Thanks to the Cassini mission and the Huygens probe, we’ve glimpsed a wet world when science took a look at Saturn’s moon, Titan. Its atmosphere is rich in methane and its average temperature is about -300 degrees Fahrenheit (about 90 kelvins). Although the chemical composition is different than ours, Titan still has similar features such as clouds, fog, rain and even lakes. However, the origin of these features haven’t really been well explained until now.
Researchers at the California Institute of Technology (Caltech) have been hard at work creating a computer program based on observations made by Cassini imaging and radar that could help explain Titan’s weather patterns and liquid surface deposits. One major oddity was discovered in 2009 when Oded Aharonson, Caltech professor of planetary science, and his team confirmed Titan’s lakes appeared to be gathered around its poles – more predominately in the northern hemisphere than compared to the south – yet that’s not the only curiosity. The areas around the equator were suspected to be dry, but the Huygens probe revealed areas of run-off and four years later researchers observed a storm system delivering moisture. Need more? Then check out the clouds observed by ground-based telescopes… They gather around southern middle and high latitudes during Titan’s southern hemisphere summer season.
“We can watch for years and see almost nothing happen. This is bad news for people trying to understand Titan’s meteorological cycle, as not only do things happen infrequently, but we tend to miss them when they DO happen, because nobody wants to waste time on big telescopes—which you need to study where the clouds are and what is happening to them—looking at things that don’t happen,” explains Mike Brown of the California Institute of Technology (Caltech).
Sure. The researchers have worked hard at creating models that could explain these exotic weather features, but such explanations involve way out theories, such as cryogenic volcanoes that blast out methane vapor to cause clouds. However, the latest computer renderings are much more basic – the principles of atmospheric circulation. “We have a unified explanation for many of the observed features,” says Tapio Schneider, the Frank J. Gilloon Professor of Environmental Science and Engineering. “It doesn’t require cryovolcanoes or anything esoteric.” Schneider, along with Caltech graduate student Sonja Graves, former Caltech graduate student Emily Schaller (PhD ’08), and Mike Brown, the Richard and Barbara Rosenberg Professor and professor of planetary astronomy, have published their findings in the January 5 issue of the journal Nature.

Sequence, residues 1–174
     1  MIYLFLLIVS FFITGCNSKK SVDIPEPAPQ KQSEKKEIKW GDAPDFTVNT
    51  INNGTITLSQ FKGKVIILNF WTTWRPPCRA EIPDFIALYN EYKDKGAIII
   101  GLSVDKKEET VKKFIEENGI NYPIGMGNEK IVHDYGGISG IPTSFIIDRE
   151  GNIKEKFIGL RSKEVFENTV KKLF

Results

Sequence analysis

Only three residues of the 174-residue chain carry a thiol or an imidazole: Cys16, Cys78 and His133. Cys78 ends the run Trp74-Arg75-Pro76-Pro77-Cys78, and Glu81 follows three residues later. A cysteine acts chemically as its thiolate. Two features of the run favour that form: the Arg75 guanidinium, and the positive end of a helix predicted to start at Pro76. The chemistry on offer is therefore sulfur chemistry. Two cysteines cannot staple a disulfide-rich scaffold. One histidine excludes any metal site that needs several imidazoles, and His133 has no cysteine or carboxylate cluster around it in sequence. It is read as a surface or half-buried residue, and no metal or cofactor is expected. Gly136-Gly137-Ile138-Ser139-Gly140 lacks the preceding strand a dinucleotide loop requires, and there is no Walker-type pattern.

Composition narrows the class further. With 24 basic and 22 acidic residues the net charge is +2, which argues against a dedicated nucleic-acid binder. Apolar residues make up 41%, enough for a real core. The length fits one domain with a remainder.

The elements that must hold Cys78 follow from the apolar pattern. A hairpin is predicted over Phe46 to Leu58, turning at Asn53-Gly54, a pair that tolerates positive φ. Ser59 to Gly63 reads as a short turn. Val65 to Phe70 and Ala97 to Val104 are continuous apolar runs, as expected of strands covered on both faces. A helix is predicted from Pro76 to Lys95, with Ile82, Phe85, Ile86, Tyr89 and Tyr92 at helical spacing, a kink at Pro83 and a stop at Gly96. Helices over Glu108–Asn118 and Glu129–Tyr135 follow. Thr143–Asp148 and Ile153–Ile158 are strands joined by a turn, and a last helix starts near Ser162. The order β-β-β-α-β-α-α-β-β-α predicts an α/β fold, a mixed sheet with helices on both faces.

Why is this data set different than its predecessors? According the Schneider, these new simulations were able to reproduce cloud patterns which match factual observations – right down to the distribution of lakes. “Methane tends to collect in lakes around the poles because the sunlight there is weaker on average,” he explains. “Energy from the sun normally evaporates liquid methane on the surface, but since there’s generally less sunlight at the poles, it’s easier for liquid methane there to accumulate into lakes.” Because Titan has an elongated orbit, it’s a bit further away during the northern hemisphere summer allowing for a longer rainy season and thus a stronger accumulation of lakes.
So what about storms? Near the equator, Titan isn’t very exciting – or is it? Originally it was theorized the area was almost desert-like. That’s why when the Huygens probe discovered evidence of run-off, it became apparent that existing models could be wrong. Imagine the surprise when Schaller, Brown, Schneider, and then-postdoctoral scholar Henry Roe discovered storms in this supposedly arid region in 2009! No one could figure it out and the programs did little more than predict a drizzle. With the new model, heavy rains became a possibility. “It rains very rarely at low latitudes,” Schneider says. “But when it rains, it pours.”
So what else makes the new Titan weather computer model even more unique? This time it runs for 135 Titan years and links the methane lakes – and how methane is distributed – to its atmosphere. According to the research, this matches current Titan weather observations and will help to predict what could be seen in coming years. Making testable predictions is “a rare and beautiful opportunity in the planetary sciences,” Schneider says. “In a few years, we’ll know how right or wrong they are.”
“This is just the beginning,” he adds. “We now have a tool to do new science with, and there’s a lot we can do and will do.”
Original Story Source: California Institute of Technology News Release. For Further Reading: Caltech Scientists Discover Storms in the Tropics of Titan.
Tammy was a professional astronomy author, President Emeritus of Warren Rupp Observatory and retired Astronomical League Executive Secretary. She’s received a vast number of astronomy achievement and observing awards, including the Great Lakes Astronomy Achievement Award, RG Wright Service Award and the first woman astronomer to achieve Comet Hunter’s Gold Status.
(Tammy passed away in early 2015… she will be missed)